Take your feedback and shove it!
I don’t know about you, but that’s what I think whenever I get negative feedback from people that never ever give me positive feedback.
Don’t get me wrong: I love feedback. The positive, the negative and the down right ugly. There is no progress without feedback, so I not only want it, I demand it! Long live 360 evaluations and weekly 1 to 1s.
But if you are never ever going to give me the positive stuff, if you are not willing to point at something I’ve done and say “that really worked! You miracle worker, you…” or “hey! really good presentation! It really resonated because…” or “you were right about that thing” or simply “good job with that”, then really don’t bother with the negative stuff, because after receiving only negative feedback for a while, I just don’t care what you think.
Maybe you have seen Whiplash too many times and you buy that “good job” are the two most harmful words in the english language. But you are not Fletcher, dear manager. You are not trying to train the new Bird. You are trying to run an organization, hopefully one that goes on to achieve whatever you are aiming for. If you limit yourself to providing just the negative feedback, one of three things (and sometimes all of them) usually happen with folks:
- they start losing their self-confidence
- they don’t feel valued
- they burn out and, eventually, move on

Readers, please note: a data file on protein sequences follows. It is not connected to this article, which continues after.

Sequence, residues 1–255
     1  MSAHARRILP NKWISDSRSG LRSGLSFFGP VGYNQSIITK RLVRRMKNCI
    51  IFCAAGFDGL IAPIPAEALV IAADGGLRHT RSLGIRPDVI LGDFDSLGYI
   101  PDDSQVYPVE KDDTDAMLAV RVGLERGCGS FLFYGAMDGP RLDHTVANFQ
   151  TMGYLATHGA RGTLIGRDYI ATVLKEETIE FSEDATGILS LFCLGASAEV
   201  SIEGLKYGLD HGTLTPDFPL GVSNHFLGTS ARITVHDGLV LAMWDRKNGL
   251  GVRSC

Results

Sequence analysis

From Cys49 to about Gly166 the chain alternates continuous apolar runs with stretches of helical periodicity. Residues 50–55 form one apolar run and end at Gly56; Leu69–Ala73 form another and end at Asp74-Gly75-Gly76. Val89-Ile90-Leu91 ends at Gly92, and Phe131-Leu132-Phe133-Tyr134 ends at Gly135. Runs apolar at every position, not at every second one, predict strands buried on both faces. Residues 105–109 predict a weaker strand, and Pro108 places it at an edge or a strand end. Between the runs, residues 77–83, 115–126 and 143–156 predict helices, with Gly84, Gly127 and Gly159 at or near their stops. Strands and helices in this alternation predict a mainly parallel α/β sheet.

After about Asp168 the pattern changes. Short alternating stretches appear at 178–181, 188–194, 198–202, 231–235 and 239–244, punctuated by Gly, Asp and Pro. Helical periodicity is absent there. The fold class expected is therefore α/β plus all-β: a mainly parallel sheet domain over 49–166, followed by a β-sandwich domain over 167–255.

People in your organization need to grow in a healthy, motivating way, so that they are willing to stick around for a long time, so that they progressively get better and readier to deal with the also progressively heftier challenges your organization will undoubtedly face.
And I’m not talking about hiding negative feedback between chunks of good feedback with the infamous feedback sandwich; you can give it to me straight. But only as long as I know that, whenever I get things right, you will also (or at least, sometimes) point them out.
Here is the secret: if you want to be able to provide negative feedback in a constructive way, you need to earn it.
And you earn it by establishing a relationship of trust and respect with that person. They need to know that, beyond whatever your personal agenda and alongside with whatever’s best for the company, you also have their best interest at heart. They need to know you are looking out for them as well as for the company; that what you tell them will not just be good for the company, it will make them better too.
And no one can feel that unless you tell them BOTH the positive and the negative.
So be honest, manager. Be authentic! Go out of your way to praise someone if you believe they have done something right. You’ll positive-reinforce the hell out of their behavior and in the process, you will not only earn the right to point out those things that they can do better, you will ensure that it will be listened to intently and acted on swiftly when you do.